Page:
Wow! This thing goes all the way to the top—of Silicon Valley.
Facebook is the client that hired Burson-Marsteller to plant negative stories in the press about Google, according to Newsweek technology editor Dan Lyons.
This morning, Lyons reports:
“Confronted with evidence, a Facebook spokesman last night confirmed that Facebook hired Burson, citing two reasons: First, because it believes Google is doing some things in social networking that raise privacy concerns; second, and perhaps more important, because Facebook resents Google’s attempts to use Facebook data in its own social-networking service.”
Lyons said B-M at first refused to name its client. But when the firm learned that Facebook came clean, Lyons wrote to him confirming Facebook was B-M’s client.
In an email to PR Daily, veteran PR pro Fraser Seitel said: “If this is true, it is outrageous. Both Burson and Facebook should be ashamed of themselves.”
Seitel, who teaches public relations at New York University, has served “of counsel” for Burson over the years. He said he counts Harold Burson, the firm’s co-founder, as a friend.
“Good, solid, substantial firms, like these, should conduct themselves ethically above board,” Seitel said. “If Facebook has problems with Google, then it should have the confidence and decency to express the reasons why, from the mouth of a Facebook executive.
“Sneaking around, conducting negative research, surreptitiously placing anonymous hit pieces, based on one-sided bias, is normally associated with PR bottom feeders in Washington and L.A., not respected firms like Burson.”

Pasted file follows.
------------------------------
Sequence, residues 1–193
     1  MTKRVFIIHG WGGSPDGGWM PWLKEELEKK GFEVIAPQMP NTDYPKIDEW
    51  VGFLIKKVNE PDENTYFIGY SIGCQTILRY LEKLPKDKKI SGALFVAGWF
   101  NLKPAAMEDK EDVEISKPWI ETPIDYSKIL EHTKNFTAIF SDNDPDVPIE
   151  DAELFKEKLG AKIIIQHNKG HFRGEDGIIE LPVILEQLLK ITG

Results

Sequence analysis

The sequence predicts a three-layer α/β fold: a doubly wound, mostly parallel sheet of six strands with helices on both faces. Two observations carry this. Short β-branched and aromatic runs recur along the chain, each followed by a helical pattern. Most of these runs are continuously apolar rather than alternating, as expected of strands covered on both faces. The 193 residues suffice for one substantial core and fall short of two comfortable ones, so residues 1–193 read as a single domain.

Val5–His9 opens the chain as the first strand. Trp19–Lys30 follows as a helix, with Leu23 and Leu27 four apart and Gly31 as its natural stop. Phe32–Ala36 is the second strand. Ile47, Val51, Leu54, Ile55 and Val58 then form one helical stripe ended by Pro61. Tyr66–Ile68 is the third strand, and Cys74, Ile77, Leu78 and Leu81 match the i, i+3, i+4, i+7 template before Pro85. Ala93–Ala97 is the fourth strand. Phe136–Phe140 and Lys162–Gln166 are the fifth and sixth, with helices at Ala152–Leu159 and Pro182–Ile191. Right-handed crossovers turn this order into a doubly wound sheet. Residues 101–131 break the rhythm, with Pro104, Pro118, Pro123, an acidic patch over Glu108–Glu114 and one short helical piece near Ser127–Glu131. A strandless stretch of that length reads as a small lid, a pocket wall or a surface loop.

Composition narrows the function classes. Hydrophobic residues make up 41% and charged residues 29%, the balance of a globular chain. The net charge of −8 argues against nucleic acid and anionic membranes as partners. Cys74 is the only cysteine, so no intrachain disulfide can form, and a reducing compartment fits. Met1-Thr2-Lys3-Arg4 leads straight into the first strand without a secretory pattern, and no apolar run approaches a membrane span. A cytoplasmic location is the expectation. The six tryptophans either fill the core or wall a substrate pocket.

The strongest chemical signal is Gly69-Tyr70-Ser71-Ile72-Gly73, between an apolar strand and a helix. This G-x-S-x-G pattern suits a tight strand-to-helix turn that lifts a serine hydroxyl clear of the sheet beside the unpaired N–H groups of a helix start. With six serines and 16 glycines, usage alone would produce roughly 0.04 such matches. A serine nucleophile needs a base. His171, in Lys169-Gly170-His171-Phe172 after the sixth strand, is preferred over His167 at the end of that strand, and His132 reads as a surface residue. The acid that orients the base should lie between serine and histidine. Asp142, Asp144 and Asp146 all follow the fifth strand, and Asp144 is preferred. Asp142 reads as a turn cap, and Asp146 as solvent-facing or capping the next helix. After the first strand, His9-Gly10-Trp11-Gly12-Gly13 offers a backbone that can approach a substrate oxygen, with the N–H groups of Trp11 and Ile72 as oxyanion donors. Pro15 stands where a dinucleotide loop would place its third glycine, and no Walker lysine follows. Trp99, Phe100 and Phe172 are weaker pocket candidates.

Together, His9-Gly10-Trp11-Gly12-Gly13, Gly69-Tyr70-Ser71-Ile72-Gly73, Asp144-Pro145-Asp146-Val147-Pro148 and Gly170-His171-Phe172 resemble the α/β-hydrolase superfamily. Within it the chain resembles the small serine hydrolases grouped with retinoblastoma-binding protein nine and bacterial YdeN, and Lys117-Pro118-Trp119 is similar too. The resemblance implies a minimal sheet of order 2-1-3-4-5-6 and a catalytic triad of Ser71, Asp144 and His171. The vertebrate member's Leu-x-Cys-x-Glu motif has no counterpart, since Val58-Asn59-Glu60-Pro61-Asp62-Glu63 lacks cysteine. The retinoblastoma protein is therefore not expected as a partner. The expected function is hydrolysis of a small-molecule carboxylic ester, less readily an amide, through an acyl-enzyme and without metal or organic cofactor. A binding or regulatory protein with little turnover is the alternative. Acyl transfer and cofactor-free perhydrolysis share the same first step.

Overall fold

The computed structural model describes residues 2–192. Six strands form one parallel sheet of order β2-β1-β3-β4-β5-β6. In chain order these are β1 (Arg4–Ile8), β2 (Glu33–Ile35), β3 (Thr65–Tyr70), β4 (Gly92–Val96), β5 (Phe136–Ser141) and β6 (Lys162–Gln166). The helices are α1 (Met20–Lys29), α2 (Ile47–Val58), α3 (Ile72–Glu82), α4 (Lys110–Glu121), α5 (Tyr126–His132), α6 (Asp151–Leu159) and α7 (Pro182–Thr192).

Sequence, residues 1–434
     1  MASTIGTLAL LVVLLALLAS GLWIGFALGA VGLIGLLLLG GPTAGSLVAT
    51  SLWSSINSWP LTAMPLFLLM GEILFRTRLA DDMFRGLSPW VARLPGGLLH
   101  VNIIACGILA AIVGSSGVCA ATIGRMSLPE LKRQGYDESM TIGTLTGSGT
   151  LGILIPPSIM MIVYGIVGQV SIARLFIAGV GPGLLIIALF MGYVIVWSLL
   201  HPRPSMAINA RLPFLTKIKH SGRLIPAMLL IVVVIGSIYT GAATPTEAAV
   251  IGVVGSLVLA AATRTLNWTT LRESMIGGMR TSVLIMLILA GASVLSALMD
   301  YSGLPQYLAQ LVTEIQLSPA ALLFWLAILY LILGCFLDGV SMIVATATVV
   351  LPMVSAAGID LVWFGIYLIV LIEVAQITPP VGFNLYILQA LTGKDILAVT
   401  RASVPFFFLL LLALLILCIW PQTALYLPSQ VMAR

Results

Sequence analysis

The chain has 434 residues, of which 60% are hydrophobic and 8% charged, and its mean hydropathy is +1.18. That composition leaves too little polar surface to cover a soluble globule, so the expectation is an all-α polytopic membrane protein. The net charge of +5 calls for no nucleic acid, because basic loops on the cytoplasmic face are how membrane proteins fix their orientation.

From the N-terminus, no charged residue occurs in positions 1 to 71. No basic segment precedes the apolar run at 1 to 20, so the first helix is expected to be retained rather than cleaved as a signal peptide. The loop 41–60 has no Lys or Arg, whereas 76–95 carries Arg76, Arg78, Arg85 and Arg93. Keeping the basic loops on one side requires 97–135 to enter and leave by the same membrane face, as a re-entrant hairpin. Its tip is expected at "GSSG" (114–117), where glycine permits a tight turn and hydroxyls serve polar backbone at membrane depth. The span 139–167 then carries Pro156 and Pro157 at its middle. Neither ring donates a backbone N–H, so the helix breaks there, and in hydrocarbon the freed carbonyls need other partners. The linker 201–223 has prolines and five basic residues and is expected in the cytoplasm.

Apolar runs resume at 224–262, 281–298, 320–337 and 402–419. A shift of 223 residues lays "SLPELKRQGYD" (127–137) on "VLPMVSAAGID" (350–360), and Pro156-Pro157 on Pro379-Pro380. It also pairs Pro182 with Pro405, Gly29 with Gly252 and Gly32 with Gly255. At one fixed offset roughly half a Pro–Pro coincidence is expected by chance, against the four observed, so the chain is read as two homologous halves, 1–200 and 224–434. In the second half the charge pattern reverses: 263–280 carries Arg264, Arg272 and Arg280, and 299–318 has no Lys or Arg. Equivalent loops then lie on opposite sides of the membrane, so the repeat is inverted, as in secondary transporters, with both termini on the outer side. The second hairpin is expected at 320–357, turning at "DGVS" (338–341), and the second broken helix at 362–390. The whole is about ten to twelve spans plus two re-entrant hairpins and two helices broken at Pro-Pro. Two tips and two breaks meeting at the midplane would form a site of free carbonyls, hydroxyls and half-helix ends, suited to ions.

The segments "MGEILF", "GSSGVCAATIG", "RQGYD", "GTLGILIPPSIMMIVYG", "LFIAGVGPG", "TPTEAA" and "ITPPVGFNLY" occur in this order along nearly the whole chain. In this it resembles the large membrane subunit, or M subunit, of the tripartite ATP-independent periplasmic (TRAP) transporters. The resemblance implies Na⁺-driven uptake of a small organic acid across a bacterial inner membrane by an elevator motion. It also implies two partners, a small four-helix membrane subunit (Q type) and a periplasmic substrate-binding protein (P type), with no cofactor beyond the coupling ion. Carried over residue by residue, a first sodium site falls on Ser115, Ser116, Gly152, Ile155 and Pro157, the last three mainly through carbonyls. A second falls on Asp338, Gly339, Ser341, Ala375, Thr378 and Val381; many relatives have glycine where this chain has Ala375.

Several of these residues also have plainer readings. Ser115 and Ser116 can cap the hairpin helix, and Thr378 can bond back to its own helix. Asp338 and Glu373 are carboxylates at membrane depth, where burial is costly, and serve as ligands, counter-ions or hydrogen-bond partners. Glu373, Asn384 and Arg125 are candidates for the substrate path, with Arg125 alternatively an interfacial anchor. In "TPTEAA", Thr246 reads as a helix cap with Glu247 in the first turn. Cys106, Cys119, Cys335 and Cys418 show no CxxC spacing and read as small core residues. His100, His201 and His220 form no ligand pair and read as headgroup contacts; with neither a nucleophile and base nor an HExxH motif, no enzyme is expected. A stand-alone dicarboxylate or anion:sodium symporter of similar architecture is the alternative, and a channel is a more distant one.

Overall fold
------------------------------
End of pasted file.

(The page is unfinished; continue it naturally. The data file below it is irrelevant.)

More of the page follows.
Seitel said the fact that the story boomeranged is “predictable.”
“It just reveals that Facebook is scared of Google entering its market—the exact opposite effect that Facebook desired when it hired Burson,” he said.
For those just tuning in, USA Today reported this week that a B-M rep—former CNBC tech reporter Jim Goldman—started a “whisper campaign,” trying to compel media outlets to write a story about privacy concerns over Social Circle, a little-known part of Google’s Gmail.
The information Goldman was spreading proved false, USA Today said.
Meanwhile, another B-M rep—former political columnist John Mercurio—tried to persuade blogger Chris Soghoian to write an op-ed on Social Circle, which he said he could land in The Washington Post, Politico, The Huffington Post, and other news outlets.
Soghoian published his email conversation with Mercurio.
The resulting media coverage from the USA Today story and Soghoian’s blog post blew up in B-M’s face, but the company refused to name the client paying for the work.
Lyons compared the work of Goldman and Mercurio to that of the “Keystone Kops” and said:
“The mess, seemingly worthy of a Nixon reelection campaign, is embarrassing for Facebook, which has struggled at times to brand itself as trustworthy. But even more so for Burson-Marsteller, a huge PR firm that has represented lots of blue-chip corporate clients in its 58-year history.”
Rosanna M. Fiske, chair and CEO of the Public Relations Society of America, weighed in on the fiasco, pointing out that only 14 of B-M’s 2,200 employees are PRSA members and thereby subject to its code of conduct.